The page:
Red Cross launches war-zone rehabilitation bond. The international aid group has created what it’s calling the first humanitarian impact bond, a $27.3 million private placement to finance services for people with disabilities in conflict zones. The Red Cross will use the funds to build and run three new physical-rehabilitation centers in Nigeria, Mali and Democratic Republic of Congo, “providing services for thousands of people,” the organization said in a statement. If the Red Cross hits targets for efficiency — the ratio of people that receive mobility devices per aid professional — “la Caixa” Foundation and the governments of Belgium, Switzerland, Italy and the UK will pay back investors with a return. Kois Invest helped structure the bond, which was backed by New Re, a part of Munich Re Group, and other institutional and private investors brought to the table by Bank Lombard Odier. The Red Cross has come under fire recently for how it spent donations after Hurricane Sandy and other disasters. Perhaps the new bond can improve efficiency, accountability and — most important — outcomes. Devex has a nice write-up on the new bond.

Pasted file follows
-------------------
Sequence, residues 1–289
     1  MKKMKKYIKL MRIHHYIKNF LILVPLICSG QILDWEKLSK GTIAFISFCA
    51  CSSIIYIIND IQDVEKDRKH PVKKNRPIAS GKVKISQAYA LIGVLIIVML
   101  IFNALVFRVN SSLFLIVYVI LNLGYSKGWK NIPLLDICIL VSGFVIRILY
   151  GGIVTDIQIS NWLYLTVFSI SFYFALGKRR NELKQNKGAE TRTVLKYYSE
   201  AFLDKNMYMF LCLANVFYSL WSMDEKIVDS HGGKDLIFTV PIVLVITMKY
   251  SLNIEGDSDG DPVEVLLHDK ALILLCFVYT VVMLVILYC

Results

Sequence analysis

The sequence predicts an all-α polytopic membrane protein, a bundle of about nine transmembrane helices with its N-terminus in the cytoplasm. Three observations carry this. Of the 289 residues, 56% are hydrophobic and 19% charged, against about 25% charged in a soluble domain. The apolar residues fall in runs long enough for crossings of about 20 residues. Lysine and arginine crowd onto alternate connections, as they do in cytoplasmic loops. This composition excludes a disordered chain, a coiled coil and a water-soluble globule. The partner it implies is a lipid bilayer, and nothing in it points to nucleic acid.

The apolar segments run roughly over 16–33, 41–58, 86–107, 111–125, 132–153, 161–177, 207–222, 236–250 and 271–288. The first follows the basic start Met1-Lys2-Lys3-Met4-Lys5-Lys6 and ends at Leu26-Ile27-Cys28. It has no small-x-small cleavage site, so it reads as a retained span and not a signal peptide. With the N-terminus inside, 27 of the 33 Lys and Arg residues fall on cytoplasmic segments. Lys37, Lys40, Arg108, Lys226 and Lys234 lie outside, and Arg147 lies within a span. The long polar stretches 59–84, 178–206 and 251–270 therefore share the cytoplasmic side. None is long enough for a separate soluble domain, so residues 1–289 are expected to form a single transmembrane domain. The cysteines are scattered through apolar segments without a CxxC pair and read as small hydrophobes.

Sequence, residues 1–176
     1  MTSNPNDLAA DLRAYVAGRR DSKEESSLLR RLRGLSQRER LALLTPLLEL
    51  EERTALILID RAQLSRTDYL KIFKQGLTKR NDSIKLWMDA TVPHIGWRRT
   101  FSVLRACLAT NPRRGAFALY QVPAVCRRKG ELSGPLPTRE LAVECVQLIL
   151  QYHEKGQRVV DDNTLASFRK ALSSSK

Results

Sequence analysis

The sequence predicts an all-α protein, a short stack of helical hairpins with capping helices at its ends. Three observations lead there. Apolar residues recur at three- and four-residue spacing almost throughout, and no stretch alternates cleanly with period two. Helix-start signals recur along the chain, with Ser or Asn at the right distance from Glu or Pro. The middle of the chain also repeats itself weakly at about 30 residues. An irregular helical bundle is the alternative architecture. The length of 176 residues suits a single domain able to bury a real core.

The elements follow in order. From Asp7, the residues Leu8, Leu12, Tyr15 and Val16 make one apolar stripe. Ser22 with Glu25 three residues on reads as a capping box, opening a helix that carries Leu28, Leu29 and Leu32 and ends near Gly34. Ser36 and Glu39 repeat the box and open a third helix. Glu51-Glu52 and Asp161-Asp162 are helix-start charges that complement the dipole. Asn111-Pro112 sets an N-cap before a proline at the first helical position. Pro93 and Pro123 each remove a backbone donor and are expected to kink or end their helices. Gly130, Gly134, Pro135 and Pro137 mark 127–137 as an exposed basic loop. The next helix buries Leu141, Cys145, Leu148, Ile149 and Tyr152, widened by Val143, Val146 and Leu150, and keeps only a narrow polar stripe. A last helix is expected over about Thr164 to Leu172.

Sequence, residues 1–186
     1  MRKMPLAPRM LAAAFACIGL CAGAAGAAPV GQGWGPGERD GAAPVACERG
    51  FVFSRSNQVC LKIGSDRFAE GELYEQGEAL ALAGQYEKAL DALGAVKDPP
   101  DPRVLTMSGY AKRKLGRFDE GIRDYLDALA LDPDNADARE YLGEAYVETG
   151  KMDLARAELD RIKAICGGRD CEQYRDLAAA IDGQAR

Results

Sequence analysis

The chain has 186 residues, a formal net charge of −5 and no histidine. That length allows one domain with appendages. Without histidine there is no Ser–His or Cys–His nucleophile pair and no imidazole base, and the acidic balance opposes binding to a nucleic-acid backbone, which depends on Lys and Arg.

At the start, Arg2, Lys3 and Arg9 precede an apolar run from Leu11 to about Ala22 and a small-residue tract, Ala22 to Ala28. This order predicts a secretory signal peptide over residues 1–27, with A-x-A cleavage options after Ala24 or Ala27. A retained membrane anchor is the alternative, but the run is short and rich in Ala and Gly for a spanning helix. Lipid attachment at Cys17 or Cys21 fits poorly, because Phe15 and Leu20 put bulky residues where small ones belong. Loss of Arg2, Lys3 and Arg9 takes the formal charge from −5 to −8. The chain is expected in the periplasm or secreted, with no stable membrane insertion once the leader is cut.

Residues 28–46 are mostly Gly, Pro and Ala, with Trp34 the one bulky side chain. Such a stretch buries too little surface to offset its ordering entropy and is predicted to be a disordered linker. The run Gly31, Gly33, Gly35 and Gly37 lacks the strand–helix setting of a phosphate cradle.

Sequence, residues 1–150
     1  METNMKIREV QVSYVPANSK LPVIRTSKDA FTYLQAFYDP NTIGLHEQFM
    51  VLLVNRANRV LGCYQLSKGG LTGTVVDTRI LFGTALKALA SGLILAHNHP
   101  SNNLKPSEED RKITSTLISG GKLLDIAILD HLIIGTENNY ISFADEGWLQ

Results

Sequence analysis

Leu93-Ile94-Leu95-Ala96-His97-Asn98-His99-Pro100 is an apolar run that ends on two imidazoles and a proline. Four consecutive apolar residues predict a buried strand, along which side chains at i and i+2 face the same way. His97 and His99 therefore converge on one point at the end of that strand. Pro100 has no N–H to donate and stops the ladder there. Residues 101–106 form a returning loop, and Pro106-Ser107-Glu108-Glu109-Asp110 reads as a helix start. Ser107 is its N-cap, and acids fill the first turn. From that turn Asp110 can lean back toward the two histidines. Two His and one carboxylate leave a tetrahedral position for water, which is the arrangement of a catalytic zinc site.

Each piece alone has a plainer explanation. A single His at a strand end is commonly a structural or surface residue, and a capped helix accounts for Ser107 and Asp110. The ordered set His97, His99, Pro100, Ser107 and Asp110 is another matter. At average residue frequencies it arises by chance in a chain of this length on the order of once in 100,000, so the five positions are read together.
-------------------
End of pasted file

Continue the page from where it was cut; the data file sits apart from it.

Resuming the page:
Mars pledges $1 billion to tackle climate change. Plenty of big companies have announced sustainability commitments (and progress) in light of the Paris climate agreement and U.N. Sustainable Development targets. Few have openly put a pricetag on what the pledges cost. With its $1 billion commitment, candy manufacturer Mars aims to reduce its carbon footprint by 60% by 2050. Barry Parkin, Mars’ chief sustainability officer, told Business Insider that he doesn’t think collective effort on “the big issues” is moving fast enough. “You have to completely change the way you operate your business and you have to completely change how you source your products,” he said. $1 billion represents about 3% of Mars’ sales last year. It will go to building wind farms and increasing its renewable energy capacity, and towards improving sustainable sourcing in its supply chain — fish and cocoa in particular.
Billion-dollar B Corp acquisition. Natura, the Brazilian cosmetics company and certified B Corp for its ethical and sustainable practices, acquired the Body Shop from French cosmetics company L’Oréal. Natura generated $2.5 billion in revenues in 2015. Combined, the two firms and Aesop, an Australian skincare brand also owned by Natura, have operations in 70 countries, 17,000 employees and an independent sales force of 1.8 million. “We both share a same vision of cosmetics, advocating the use of natural ingredients, seeking to use our business as a platform to raise environmental consciousness,” said João Paulo Ferreira, Natura’s chief executive, on a June conference call when the bid was first announced. B-Lab, the nonprofit that administers the sustainability certification, says the acquisition was the first by a billion-dollar B Corp. To stay hip to people using business as a force for good, sign up for B the Change’s weekly newsletter.
See all of ImpactAlpha’s recent #dealflow.
#Signals: Ahead of the Curve